An important practical issue is whether a filing could be required based on revenues or assets of the acquiring company even if the subsidiary or assets being acquired ("target company") have no nexus to COMESA. The requirement that at least one of the parties operates in at least two COMESA Member States was applicable even prior to the March 2015 amendment, and was interpreted in the 2014 Guidelines to reflect the supra-national or regional nature of the CCC's competence. In that regard, the Guidelines indicate that the target company (i.e., subsidiary or assets being acquired) must operate in a COMESA Member State, and that a company is considered to "operate" in a COMESA Member State if its revenues or the value of its assets in that State is more than US$ 5 million. However, the March 2015 amended Rules do not cross-refer to the 2014 Guidelines, and therefore it remains to be seen how the requirement set forth in the Guidelines relating to a target company's operation in a COMESA Member State will apply in practice in the future.
In a separate notice, COMESA has also reduced the maximum fee for merger notifications, from a maximum of US$500,000 to a lower cap of US$ 200,000.3
Parties must notify the CCC of any transactions within 30 days of the decision to merge (e.g. the signing a binding agreement or the announcement of a public bid).
Any notifiable merger which has not been notified within the applicable deadline will be legally unenforceable in the COMESA region. The CCC may also impose penalties on the parties amounting to up to 10% of their revenues in the COMESA region, though so far the CCC has not imposed penalties on any offending parties. If the CCC concludes that a merger is contrary to the public interest (which any merger that has lessened or is likely to lessen substantially competition in the COMESA region, or which has, or likely to result in or strengthen a position of dominance, will be considered to be), the CCC may declare the merger to be unlawful and/or require from the parties to dissolve the merger or take any other steps to lessen or prevent the anticompetitive effects of the merger.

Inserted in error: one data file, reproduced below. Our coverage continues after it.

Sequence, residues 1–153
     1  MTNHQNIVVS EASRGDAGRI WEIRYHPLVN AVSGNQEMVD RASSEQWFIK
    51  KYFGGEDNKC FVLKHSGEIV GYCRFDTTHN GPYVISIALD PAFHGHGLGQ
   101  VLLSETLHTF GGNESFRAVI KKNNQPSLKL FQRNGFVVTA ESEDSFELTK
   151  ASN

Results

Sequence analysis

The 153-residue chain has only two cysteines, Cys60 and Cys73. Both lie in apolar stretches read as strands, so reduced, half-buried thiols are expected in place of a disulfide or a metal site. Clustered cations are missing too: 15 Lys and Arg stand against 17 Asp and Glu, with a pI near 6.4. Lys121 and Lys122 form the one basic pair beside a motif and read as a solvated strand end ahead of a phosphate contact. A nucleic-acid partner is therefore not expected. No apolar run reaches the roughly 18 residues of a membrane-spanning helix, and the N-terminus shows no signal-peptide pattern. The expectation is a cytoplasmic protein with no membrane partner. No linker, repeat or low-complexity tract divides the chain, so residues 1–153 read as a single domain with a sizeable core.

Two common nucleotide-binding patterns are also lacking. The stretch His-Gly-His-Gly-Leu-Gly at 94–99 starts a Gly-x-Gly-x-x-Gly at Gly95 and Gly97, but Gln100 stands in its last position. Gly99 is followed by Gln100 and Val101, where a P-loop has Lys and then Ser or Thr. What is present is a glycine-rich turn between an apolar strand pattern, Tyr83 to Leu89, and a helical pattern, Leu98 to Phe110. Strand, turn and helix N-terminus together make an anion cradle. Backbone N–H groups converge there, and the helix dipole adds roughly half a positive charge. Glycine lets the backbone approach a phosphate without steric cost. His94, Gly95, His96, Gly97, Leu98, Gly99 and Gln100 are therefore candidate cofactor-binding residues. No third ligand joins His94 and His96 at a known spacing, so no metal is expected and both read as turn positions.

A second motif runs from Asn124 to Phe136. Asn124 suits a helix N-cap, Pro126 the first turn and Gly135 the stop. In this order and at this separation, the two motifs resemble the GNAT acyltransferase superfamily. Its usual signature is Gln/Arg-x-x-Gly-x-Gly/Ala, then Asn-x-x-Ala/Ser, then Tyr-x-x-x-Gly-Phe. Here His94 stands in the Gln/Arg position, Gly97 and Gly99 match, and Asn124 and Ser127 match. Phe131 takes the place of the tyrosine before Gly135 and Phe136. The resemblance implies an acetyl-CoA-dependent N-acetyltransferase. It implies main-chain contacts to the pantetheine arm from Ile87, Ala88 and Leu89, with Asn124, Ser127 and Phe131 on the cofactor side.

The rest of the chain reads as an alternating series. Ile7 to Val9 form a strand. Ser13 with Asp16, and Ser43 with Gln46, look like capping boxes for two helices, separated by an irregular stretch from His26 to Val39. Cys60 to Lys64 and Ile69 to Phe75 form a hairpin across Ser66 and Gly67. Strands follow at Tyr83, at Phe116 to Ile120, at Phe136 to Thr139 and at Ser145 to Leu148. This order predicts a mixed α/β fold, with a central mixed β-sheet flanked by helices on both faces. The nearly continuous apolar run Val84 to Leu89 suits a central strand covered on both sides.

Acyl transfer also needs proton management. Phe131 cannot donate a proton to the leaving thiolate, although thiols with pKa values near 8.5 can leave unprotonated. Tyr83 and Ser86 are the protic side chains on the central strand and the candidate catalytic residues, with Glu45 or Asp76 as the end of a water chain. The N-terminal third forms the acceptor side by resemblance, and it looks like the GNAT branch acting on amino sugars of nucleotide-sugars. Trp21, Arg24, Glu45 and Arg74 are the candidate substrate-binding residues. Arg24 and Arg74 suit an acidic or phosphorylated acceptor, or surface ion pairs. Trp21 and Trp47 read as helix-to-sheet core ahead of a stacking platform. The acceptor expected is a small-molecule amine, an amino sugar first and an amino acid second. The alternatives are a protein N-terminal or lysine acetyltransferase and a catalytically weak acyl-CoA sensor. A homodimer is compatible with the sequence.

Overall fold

Additionally, the CCC may bring civil proceedings for the recovery of any penalties against the concerned parties, though it is not clear whether the CCC may enforce the applicable rules in the national courts of the COMESA Member States.
The CCC must make a decision on the notified deal within 120 days after receiving the notification (though extensions are possible).
Finally, it is not settled whether the COMESA regime constitutes a "one-stop-shop", or if parallel national notification of mergers that have a regional dimension is required. The CCC for its part considers that it has exclusive jurisdiction for transactions which meet the conditions described above. Under this interpretation, national competition authorities only have the power to request the referral of a transaction falling within the jurisdiction of the COMESA merger control rules. On the other hand, some national authorities, such as the Kenyan Competition Authority, have publicly stated that they consider that when local filing thresholds are met, a local filing is required, regardless of whether the transaction is also notified to the CCC.
With the clear definition of thresholds by which parties can determine whether mergers in the COMESA region are notifiable, it is likely that the CCC will take a vigorous look at whether and how deals are notified.
Companies that either do business generally in the COMESA region and/or are considering undertaking acquisitions or disposals of assets in the COMESA Member States need to be aware of the applicable rules, as their deals will be scrutinized by the COMESA Competition Commission. In particular, these companies must be aware of the possible imposition of high penalties for their failure to notify and/or the reputational consequences of non-compliance with the applicable rules.
This is yet another welcome and pragmatic clarification of the COMESA merger control rules. We had already noted in a previous update that the COMESA regime is progressively maturing (http://www.hoganlovells.com/new-developments-in-the-comesa-merger-control-regime---on-the-path-to-maturity-05-01-2014/), and the 2014 Guidelines and the March 2015 Rules have confirmed this tendency. Nevertheless, some ambiguities still need to be resolved, such as the jurisdictional nexus or the one-stop-shop issue mentioned above.